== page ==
What to do when your golden ‘Duck’ lays an egg

The views, like the beard, would not be out of place 3000 years ago. (AP Photo/ A&E, Zach Dilgard)

The views, like the beard, would not be out of place 3,000 years ago. (Zach Dilgard/Associated Press via A+E)

In the course of an excursion with GQ’s Drew Magary, Duck Dynasty patriarch Phil Robertson made some remarks that, among other things, compared homosexuality to bestiality. (He also misidentified Mitt Romney’s home city, but no one was up in arms about it as of time of writing.) “Duck Dynasty” host network A&E issued a statement saying that they were SHOCKED, SHOCKED by the gambling in this establishment — or rather, that “We are extremely disappointed to have read Phil Robertson’s comments in GQ, which are based on his own personal beliefs and are not reflected in the series Duck Dynasty. His personal views in no way reflect those of A+E Networks, who have always been strong supporters and champions of the LGBT community. The network has placed Phil under hiatus from filming indefinitely.”

And the backlash has been instant. Stand with Phil! is hashtagging all over. After all, Phil is the patriarch of a Duck Dynasty that has been dutifully laying golden (duck) eggs for A&E for three seasons now, spawning best-selling books and attracting 14 million viewers — nothing to shake a stick at. So, Help! Help! He’s being repressed! “Stand with Phil!” Christians Unite! Turn off the thought police!

What happened to free speech? What happened to freedom of religion?

Even Sarah Palin’s weighing in. “Free speech is an endangered species. Those ‘intolerants’ hatin’ and taking on the Duck Dynasty patriarch for voicing his personal opinion are taking on all of us,” she posted on her Facebook page. (Also, really? You’re dropping the G while typin’?)

As we all know from a close reading of the Constitution, freedom of speech and religion is nothing without your own reality TV show. It says so, somewhere in the fine print of the First Amendment. What’s an opinion without a microphone?

You may, of course, be perfectly free to express your religious beliefs and opinions (however noxious they may seem to some) in reality without necessarily being allowed on television with them. Freedom of religion does not come with a pulpit included. But try telling someone on the Internet that.

We often have this problem where we confuse being denied a Giant Platform With Sponsors with Being Suppressed. As Linda Holmes of NPR wrote in 2010, “The First Amendment doesn’t guarantee that speaking your mind will have no economic consequences . . . Because the ‘free’ in that concept means ‘free from government interference,’ not ‘free from consequences.’ ”

But it strikes in a strange spot when the subject of this furor is a reality star.

I often use the Mel Brooks quote that “You’re often a little disappointing in person because you can’t be the edited essence of yourself,” but it’s never more true than here. The Phil Robertson that 14 million viewers have gotten to know is a Phil Robertson with air quotes. It’s the character “Phil Robertson,” edited for content and formatted to fit this screen. It’s A+E’s character based around the statements and life of Phil Robertson, in keeping with A+E’s mission. A+E means to tell us they had no idea he was capable of saying this? Magary sits down with him for a few hours and he says all of this readily and with no hesitation, and they’ve been taping his life for years and had no idea? What a run of luck they must have had . . . that he wasn’t interviewed until now.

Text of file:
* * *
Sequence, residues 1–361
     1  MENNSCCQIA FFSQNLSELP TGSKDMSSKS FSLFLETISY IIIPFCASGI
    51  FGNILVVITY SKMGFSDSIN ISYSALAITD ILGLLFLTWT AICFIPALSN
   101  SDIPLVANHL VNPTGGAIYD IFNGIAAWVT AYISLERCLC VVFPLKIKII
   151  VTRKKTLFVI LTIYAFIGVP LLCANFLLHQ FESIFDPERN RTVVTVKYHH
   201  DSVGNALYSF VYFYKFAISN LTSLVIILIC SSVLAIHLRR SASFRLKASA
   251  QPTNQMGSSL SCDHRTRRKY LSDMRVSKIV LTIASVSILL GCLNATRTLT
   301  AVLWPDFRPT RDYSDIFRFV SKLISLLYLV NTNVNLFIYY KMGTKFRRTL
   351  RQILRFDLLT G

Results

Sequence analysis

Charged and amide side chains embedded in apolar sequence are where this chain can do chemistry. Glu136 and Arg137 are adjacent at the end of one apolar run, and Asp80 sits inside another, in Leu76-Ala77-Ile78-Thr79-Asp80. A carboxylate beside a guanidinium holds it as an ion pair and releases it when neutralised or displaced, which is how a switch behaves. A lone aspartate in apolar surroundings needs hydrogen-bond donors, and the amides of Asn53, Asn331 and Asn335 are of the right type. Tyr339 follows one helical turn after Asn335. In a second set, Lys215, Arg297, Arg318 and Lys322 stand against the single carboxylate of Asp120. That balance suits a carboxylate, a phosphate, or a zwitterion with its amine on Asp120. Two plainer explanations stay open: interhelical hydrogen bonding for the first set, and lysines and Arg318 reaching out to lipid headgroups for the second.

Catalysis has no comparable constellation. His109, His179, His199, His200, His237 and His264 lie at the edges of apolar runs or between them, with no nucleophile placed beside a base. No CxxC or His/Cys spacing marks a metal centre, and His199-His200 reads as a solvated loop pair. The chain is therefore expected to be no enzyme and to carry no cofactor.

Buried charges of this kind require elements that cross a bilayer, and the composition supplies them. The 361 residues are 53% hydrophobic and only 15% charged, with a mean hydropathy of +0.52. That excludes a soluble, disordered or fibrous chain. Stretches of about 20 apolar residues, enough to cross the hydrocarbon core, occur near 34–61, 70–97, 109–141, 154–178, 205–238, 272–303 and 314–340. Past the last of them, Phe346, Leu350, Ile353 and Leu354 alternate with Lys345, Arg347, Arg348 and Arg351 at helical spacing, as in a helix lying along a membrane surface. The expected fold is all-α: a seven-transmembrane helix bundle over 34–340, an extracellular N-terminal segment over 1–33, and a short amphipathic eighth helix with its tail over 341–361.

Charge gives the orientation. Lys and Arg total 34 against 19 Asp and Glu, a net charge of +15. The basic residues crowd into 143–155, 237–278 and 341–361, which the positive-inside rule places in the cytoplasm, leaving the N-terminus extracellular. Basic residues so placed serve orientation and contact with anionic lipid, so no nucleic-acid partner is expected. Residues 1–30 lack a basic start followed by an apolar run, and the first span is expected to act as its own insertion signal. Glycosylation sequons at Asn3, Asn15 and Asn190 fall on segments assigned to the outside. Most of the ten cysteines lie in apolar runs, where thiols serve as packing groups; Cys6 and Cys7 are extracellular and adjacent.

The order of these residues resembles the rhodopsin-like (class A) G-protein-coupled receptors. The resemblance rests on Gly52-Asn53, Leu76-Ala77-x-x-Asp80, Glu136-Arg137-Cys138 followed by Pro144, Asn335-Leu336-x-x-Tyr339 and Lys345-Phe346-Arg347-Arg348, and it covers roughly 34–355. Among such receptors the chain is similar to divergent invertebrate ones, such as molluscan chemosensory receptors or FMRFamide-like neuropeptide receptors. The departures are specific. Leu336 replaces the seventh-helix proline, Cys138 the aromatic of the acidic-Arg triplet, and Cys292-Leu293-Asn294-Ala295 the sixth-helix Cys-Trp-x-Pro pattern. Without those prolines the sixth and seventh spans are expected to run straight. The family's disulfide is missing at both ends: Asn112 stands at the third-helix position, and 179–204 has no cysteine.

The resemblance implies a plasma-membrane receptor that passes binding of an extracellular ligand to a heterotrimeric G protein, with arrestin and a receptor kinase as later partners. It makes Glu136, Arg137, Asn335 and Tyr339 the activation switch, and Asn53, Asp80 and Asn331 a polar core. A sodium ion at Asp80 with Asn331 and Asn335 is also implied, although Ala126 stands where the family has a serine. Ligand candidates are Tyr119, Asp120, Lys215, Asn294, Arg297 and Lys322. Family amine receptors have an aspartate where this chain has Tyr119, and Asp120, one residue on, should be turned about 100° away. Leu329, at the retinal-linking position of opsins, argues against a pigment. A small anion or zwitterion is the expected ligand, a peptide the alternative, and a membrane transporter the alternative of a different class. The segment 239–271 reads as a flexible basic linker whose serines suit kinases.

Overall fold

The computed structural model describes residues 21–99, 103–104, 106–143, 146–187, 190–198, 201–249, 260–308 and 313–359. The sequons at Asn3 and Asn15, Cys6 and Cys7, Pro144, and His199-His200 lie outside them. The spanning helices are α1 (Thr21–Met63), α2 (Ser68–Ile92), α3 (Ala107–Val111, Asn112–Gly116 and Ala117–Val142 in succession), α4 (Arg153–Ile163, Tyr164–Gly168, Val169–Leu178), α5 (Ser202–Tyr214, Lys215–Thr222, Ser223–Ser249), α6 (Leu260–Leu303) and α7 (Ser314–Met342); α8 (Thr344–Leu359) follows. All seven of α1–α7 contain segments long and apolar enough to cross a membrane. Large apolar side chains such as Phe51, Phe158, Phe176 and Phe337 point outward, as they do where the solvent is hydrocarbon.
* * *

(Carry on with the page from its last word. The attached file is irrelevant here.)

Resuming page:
People on reality TV are always a little more and less than human. They’re louder but they have less varied things to say. There is a certain rationing of adjectives. Do you want to be “the smart one” or “the one who likes pizza”? There’s not room for both. You must choose! Whatever you are, be a loud one, as Abraham Lincoln might have said. And you can’t stop when the camera goes off. Whatever else you used to be, forget it. You’ve been hired to play a character full time.

Robertson has always been up-front about his faith, but clearly A+E has been putting at least a small and tactful bushel basket over his light, to allow it to fit into more living rooms. “Phil Robertson” doesn’t say that kind of thing out loud. Phil Robertson does. The character’s done nothing wrong, A+E shouts. OUR Phil would never say a thing like that. Of course not. It’s the actor who’s the problem!

It would be easier if he were just playing Phil Robertson on TV.

The trouble with reality stars is they are so hard to turn off. Deny him one pulpit, where he’s edited, and other outlets spring up like hydra heads. There’s still plenty of free speech to go around. And a big platform to go with it. You can take away an actor’s job. But once someone’s a star, you can’t tell people to stop paying attention to him because he said something awful. He can only half-lose a job where he plays himself. Sure, there won’t be any more A+E cameras turned on him.

But what about all the other cameras?

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